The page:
Do we, as professional women, have the unalienable right to share unsolicited advice? Some may think we wake up every morning determined to spread the daily gospel with our unsuspecting, and sometimes skeptical, audience.
Wait! Is that what we’re doing? Or are we just trying to share what we consider to be sage wisdom, accumulated through years of our very personal blood, sweat and tears?
If one has the compulsion to share advice, and often it is our responsibility as leaders to do just that, here are some suggestions from a compulsive advice giver:
- Observe how people respond to your advice: Do eyes glaze? The polite nod? If you notice that the message is not being received, the delivery may need help.
- The power of “how” questions: I was recently advised to use “how” in a question vs. “why”. It is much less accusatory, less harsh. It gives people the opportunity to speak openly without feeling the need to be defensive. It also enables your advice to be delivered in a non-threatening, less judgmental environment.
- Listen: The power of “how” questions only work if we listen. It gives us an opportunity to really walk in someone else’s shoes. Then, we can tailor the message to maximize the value for each individual.
- Remember the never out of fashion concept of WIFM (what’s in it for me?): Focus advice on how it may help that person achieve their goals and objectives. Sage, and proven to be successful advice, will inspire, while “told you so” advice, usually will not.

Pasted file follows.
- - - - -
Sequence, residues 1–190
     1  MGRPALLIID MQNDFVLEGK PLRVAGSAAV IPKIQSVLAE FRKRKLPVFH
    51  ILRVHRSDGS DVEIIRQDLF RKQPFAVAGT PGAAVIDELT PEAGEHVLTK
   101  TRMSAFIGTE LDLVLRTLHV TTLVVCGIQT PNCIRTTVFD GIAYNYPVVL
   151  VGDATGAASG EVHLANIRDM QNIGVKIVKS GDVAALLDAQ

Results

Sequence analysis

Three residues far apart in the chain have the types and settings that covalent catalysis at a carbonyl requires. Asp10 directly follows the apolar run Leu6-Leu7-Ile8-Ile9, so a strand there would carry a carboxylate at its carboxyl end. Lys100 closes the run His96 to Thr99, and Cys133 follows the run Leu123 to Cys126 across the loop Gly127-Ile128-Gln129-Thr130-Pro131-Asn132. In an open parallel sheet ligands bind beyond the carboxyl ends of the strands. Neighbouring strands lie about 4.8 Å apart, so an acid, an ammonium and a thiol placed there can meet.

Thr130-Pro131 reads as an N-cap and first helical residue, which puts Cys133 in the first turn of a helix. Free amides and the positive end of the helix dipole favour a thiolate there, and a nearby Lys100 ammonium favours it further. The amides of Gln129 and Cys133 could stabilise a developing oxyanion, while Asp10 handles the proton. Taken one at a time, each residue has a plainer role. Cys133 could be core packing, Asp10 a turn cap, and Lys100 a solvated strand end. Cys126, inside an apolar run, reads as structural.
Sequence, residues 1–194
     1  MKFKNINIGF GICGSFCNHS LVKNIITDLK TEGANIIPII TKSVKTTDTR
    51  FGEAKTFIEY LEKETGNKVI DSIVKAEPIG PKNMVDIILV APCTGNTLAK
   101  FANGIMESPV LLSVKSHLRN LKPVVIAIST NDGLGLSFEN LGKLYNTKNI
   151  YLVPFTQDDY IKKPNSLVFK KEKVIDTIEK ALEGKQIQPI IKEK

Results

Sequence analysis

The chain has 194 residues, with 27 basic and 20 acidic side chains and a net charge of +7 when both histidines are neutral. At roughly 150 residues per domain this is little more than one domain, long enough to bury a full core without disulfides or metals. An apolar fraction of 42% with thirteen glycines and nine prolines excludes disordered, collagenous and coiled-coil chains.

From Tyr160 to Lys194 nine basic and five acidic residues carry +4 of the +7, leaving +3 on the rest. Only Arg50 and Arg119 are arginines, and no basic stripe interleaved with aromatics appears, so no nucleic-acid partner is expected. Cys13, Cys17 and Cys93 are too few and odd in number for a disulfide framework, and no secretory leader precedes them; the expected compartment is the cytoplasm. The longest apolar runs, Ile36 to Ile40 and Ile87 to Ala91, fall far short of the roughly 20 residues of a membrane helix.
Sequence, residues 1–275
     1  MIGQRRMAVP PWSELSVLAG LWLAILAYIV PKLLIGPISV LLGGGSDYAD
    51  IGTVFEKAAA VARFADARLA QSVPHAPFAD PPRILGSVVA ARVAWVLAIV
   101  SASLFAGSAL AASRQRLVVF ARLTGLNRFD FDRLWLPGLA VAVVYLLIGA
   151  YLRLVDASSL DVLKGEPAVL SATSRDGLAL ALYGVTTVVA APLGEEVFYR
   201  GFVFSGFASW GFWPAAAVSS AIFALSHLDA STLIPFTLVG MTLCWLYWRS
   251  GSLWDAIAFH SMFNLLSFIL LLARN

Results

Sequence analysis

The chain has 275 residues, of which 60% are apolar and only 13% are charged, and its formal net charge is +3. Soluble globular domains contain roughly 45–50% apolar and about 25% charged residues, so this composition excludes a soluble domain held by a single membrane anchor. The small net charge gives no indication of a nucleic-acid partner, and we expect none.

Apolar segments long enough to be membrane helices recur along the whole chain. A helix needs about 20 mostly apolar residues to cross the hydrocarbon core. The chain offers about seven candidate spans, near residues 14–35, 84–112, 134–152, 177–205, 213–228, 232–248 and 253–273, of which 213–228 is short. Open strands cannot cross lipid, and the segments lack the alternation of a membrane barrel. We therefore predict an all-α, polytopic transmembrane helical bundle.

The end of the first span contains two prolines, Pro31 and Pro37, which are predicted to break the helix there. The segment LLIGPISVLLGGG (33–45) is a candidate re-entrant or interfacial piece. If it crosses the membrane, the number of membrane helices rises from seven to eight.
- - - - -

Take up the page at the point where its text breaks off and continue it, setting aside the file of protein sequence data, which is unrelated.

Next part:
- Announce it is coming: There is nothing wrong with saying, “ok, here comes some unsolicited advice. Sorry, I just can’t help myself…But after hearing…it may be helpful….”
- Feel, felt, found method: In terms of the actual delivery, this shows an understanding of the recipients’ situation. The first step is “feel” (also known as empathy), which creates a neutral zone. “Felt” creates a community of people who have experienced the same challenge, and “found” allows you to deliver your sage and awesome advice.
- Always opt out: Remember, if it does not add value, file it for a later day!
Stay tuned for my next post: How to handle the serial, unrepentant advice giver.